A Muslim father remains in intensive care in a Toronto hospital after a horrific beating that police confirmed Wednesday is being investigated as an anti-Muslim hate crime.
Mohammed Abu Marzouk, 39, and his family – wife and four- and six-year-old daughters – were in their vehicle and about to return home from a picnic near a community center in Mississauga, just outside of Toronto, when two men walking by shouted an obscenity along with "terrorists."
The pair began kicking the car. Marzouk got out and was attacked.
His wife Diana Attar begged for them to stop, then spotted a police car and ran to it for help.
When she returned, her husband was lying on the ground, bleeding profusely from his ear.
Marzouk was rushed to a Toronto trauma center where he was taken into surgery suffering from a brain hemorrhage and multiple fractures received in the Sunday beating.
At first, police designed the beating as resulting from road rage, but upon further investigation authorities late Tuesday changed the incident to a hate crime.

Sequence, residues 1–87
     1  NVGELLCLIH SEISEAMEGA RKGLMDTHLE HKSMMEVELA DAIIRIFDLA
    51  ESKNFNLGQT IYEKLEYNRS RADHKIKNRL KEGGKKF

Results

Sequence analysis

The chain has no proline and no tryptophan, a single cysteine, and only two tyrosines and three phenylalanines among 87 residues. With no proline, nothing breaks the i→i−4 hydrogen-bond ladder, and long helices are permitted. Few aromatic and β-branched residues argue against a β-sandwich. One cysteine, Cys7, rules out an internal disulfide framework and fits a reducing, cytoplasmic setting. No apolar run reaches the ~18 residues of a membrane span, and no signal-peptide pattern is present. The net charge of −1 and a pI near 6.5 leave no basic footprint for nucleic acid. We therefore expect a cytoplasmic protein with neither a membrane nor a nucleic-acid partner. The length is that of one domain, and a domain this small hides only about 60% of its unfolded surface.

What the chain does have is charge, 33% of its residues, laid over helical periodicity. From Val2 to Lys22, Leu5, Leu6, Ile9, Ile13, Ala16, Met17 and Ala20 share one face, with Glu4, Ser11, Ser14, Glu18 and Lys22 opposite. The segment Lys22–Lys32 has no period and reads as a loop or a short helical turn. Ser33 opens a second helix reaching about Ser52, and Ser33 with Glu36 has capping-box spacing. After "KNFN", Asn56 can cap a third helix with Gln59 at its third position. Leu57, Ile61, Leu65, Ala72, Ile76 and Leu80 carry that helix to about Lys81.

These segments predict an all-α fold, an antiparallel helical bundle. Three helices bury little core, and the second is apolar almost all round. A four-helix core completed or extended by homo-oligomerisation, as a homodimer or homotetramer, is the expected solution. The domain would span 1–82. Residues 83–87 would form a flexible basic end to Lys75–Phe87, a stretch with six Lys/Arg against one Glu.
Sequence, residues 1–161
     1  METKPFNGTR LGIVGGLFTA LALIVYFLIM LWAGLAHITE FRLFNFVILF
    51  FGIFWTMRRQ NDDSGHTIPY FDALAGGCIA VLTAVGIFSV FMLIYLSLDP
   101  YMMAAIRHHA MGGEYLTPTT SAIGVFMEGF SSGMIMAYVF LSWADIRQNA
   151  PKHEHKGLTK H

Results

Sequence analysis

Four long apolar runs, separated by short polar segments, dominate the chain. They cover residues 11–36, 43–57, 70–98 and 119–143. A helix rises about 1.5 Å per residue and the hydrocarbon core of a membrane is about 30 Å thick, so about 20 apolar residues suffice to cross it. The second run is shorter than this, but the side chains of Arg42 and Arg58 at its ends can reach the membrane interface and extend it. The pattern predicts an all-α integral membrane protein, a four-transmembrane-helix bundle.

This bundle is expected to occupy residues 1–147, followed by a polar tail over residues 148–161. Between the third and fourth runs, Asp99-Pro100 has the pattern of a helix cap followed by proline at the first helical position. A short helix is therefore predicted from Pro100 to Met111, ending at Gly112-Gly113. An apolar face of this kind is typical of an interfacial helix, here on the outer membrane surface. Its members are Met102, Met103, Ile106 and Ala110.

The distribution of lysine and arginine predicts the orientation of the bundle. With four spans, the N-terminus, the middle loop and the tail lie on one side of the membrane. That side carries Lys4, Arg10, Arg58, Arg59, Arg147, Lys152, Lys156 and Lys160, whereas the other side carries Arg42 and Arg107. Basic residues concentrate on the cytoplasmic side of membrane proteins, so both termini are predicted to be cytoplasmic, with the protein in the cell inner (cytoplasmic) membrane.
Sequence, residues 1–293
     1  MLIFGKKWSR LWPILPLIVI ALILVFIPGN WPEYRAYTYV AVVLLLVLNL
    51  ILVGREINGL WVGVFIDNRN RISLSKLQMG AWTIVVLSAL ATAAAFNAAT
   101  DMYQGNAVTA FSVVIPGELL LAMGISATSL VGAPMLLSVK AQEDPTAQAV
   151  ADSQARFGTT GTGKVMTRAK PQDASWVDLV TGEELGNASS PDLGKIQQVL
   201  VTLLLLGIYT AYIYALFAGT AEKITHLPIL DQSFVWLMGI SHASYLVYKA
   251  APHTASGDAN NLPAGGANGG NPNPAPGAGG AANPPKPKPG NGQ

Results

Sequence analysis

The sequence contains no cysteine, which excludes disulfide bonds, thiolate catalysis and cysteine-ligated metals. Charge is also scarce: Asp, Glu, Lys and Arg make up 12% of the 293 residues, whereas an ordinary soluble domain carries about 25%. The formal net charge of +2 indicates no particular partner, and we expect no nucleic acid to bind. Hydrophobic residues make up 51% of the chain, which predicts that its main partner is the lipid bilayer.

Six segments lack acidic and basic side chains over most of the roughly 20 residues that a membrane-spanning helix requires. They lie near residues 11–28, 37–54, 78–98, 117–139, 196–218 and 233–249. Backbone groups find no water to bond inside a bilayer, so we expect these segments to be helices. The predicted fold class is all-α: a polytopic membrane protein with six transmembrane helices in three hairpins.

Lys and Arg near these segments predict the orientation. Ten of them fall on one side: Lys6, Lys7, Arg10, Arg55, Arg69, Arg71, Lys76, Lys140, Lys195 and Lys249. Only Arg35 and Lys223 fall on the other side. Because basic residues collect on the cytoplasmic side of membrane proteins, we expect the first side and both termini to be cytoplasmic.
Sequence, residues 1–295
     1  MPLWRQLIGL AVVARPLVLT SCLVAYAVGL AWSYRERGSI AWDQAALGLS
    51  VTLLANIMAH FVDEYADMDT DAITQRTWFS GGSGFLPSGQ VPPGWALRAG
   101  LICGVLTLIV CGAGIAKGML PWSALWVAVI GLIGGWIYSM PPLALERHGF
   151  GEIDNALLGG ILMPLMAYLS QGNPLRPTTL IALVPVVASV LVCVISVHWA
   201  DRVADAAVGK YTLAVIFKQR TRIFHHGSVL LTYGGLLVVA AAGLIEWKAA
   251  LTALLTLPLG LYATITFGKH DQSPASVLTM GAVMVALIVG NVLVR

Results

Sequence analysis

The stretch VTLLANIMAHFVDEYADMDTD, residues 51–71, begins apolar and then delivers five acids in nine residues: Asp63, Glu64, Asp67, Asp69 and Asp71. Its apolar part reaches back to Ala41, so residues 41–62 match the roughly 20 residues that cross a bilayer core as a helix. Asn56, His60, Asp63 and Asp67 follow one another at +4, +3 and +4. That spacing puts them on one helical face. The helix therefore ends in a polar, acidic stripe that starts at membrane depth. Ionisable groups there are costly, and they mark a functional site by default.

"We were provided information that the initial incident started as a result of the road rage, a dispute that happened in the parking lot," Peel Regional Police spokesperson Akhil Mooken said. "Witnesses subsequently came forward and talked to investigators and provided them with some statements that were made while the incident was unfolding by the two arrested and charged males."
Two brothers aged 19 and 27 have been charged.
"They were calling them Arab terrorists, so clearly their religion, their ethnicity was playing a part in that," said Ibrahim Hindy, imam of the Dar At-Tawheed mosque where the Marzouk family are members. "We have to be concerned about hate against any community, but this is a significant issue that's happening."
Hindy pointed out that hate crimes reported to police in Mississauga substantially increased last year. There were 158 cases in 2017, up from 59 in 2016. Of those, the highest number, 57, were directed toward Muslims.
"We as a society have to start recognizing the fact that hate is alive here," he said.
Police have said the 2017 spike may be a result of more awareness of hate crimes and a resulting surge in the number reported to police, as well as an increase in far-right groups that espouse hate.